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speculating on regentrification
Old 03-17-2016, 11:37 AM   #1
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speculating on regentrification

Beyond the initial capital outlay, what are risks of buying for speculative investment homes in areas early in their regentrification stage? Online I'm seeing 100 year old houses on 2000 sq ft lots in bad neighborhoods selling for around $1000. They are within view of major commercial and residential redevelopment that is kicking off. The upside is intriguing, even without being rented out (I don't wish to become a slumlord). What are the downside risks? I imagine insurance is prohibitively expensive, leaving the owner at risk in any of a number of legal issues, such as personal injury claims. What else?
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Old 03-17-2016, 11:44 AM   #2
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Gentrification can take a long time or move in another direction or even reverse. We passed on buying a home (a newly built one) in a "gentrifying" neighborhood because we couldn't take that risk with our house principal.
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Old 03-17-2016, 12:07 PM   #3
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What is the overall economy of the metropolitan area like? what are the property taxes and other mandatory fees on those buildings--even if purchased for $1000? Do they have grass to be cut and sidewalks to be shoveled to avoid municipal nuisance citations? How about structural conditions--are all the exterior walls up to Code and in no danger of collapsing, or of being cited by the City?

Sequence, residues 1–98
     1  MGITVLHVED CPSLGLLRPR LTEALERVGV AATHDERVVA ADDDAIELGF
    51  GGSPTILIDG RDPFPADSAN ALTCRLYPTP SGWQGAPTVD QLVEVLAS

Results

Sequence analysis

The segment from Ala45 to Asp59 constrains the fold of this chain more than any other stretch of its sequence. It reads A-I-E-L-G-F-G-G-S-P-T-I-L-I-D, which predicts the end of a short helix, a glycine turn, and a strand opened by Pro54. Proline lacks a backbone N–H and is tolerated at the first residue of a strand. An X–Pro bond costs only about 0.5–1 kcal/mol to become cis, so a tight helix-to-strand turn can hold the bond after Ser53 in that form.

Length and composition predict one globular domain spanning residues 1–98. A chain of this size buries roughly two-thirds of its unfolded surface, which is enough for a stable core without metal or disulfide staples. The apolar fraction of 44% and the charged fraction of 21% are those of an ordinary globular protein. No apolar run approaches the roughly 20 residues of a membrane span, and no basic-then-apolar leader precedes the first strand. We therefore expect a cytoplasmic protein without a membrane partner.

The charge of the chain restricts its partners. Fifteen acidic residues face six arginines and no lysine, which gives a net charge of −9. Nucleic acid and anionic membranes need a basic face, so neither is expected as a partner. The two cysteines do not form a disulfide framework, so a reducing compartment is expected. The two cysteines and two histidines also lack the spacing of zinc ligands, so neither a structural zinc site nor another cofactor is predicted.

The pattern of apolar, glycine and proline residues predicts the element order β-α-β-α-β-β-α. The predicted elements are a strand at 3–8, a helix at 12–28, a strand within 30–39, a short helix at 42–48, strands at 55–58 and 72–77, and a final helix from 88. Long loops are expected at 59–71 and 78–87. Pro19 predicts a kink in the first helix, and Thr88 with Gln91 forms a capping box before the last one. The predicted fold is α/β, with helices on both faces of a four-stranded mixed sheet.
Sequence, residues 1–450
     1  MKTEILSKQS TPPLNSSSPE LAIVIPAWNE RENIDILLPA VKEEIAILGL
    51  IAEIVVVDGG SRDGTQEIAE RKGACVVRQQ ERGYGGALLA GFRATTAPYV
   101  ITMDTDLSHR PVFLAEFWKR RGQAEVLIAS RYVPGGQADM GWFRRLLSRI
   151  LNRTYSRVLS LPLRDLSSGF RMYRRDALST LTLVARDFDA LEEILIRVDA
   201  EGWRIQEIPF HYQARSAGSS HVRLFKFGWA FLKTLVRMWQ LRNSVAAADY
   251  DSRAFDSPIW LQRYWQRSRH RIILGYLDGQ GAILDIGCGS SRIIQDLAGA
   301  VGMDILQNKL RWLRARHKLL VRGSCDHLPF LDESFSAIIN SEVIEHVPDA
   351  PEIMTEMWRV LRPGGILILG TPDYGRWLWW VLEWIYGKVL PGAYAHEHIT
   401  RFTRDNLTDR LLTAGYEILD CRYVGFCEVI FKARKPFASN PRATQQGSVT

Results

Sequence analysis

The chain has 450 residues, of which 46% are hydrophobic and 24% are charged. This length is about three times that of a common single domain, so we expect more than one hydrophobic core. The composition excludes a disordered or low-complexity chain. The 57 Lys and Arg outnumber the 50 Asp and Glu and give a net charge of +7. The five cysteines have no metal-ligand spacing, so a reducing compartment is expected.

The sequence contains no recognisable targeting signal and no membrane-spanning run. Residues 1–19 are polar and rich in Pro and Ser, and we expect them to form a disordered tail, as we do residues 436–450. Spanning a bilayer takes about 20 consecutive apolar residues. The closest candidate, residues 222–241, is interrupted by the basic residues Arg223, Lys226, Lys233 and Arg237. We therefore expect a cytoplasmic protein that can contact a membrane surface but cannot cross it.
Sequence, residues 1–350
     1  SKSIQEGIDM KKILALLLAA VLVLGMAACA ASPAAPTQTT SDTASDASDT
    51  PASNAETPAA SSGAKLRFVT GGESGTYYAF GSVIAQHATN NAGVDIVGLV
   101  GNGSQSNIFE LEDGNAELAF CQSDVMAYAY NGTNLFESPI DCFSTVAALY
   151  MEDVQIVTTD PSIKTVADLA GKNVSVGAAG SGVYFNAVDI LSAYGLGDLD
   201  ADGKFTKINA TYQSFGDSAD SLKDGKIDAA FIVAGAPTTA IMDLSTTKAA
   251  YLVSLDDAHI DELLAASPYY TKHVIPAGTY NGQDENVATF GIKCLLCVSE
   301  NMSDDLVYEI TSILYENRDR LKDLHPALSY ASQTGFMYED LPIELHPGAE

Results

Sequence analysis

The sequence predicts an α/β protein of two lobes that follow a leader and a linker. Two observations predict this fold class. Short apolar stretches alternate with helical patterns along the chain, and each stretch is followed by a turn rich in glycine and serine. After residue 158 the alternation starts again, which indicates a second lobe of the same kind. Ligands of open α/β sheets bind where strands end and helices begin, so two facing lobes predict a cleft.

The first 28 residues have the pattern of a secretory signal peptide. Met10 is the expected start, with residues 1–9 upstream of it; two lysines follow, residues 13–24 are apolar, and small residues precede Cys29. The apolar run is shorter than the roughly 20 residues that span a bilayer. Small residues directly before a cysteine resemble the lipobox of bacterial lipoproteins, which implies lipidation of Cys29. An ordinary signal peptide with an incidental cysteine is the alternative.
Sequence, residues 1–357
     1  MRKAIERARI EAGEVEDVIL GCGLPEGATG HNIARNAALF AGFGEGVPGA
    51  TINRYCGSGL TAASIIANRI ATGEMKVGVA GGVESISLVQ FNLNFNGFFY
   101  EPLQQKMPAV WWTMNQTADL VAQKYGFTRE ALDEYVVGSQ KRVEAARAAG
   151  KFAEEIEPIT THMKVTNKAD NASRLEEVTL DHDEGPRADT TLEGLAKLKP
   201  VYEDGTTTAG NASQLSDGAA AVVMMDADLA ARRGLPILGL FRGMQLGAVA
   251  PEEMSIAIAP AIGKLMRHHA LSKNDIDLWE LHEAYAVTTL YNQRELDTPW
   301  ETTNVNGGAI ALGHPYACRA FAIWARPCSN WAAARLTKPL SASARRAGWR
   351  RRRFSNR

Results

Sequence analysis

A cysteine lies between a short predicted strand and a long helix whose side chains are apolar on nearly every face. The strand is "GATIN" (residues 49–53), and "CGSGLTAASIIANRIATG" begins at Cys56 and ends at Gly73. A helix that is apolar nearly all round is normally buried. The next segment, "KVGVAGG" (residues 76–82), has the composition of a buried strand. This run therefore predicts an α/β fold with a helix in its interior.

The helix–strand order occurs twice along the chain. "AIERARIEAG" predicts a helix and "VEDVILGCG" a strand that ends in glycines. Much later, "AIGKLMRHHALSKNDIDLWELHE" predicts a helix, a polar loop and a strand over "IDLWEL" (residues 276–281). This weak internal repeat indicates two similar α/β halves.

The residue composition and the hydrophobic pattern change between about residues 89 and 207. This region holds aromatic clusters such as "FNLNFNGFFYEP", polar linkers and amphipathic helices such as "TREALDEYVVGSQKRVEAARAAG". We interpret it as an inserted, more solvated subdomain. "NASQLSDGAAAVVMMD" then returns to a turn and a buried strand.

If you are interested enough to invest the time to learn, there probably is an opportunity--but I'd be willing to bet there are professionals already hard at work in the area you are considering. (On a similar note, we represent some guys who are professional tax sale investors. From the outside it looks like easy money--but after becoming familiar with what is involved, I sure don't see it that way.)

Finally, following up on walkinwood, sometimes "a long time" is never. I was in St. Louis for most of my life. There were always houses and situations like you describe, along with the major redevelopment of the moment. Some folks made money speculating and investing, but many others did not. Even for the successful ones, I wonder what the risk adjusted return was compared to an index fund.
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Old 03-17-2016, 12:09 PM   #4
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Originally Posted by GrayHare View Post
Beyond the initial capital outlay, what are risks of buying for speculative investment homes in areas early in their regentrification stage? Online I'm seeing 100 year old houses on 2000 sq ft lots in bad neighborhoods selling for around $1000. They are within view of major commercial and residential redevelopment that is kicking off. The upside is intriguing, even without being rented out (I don't wish to become a slumlord). What are the downside risks? I imagine insurance is prohibitively expensive, leaving the owner at risk in any of a number of legal issues, such as personal injury claims. What else?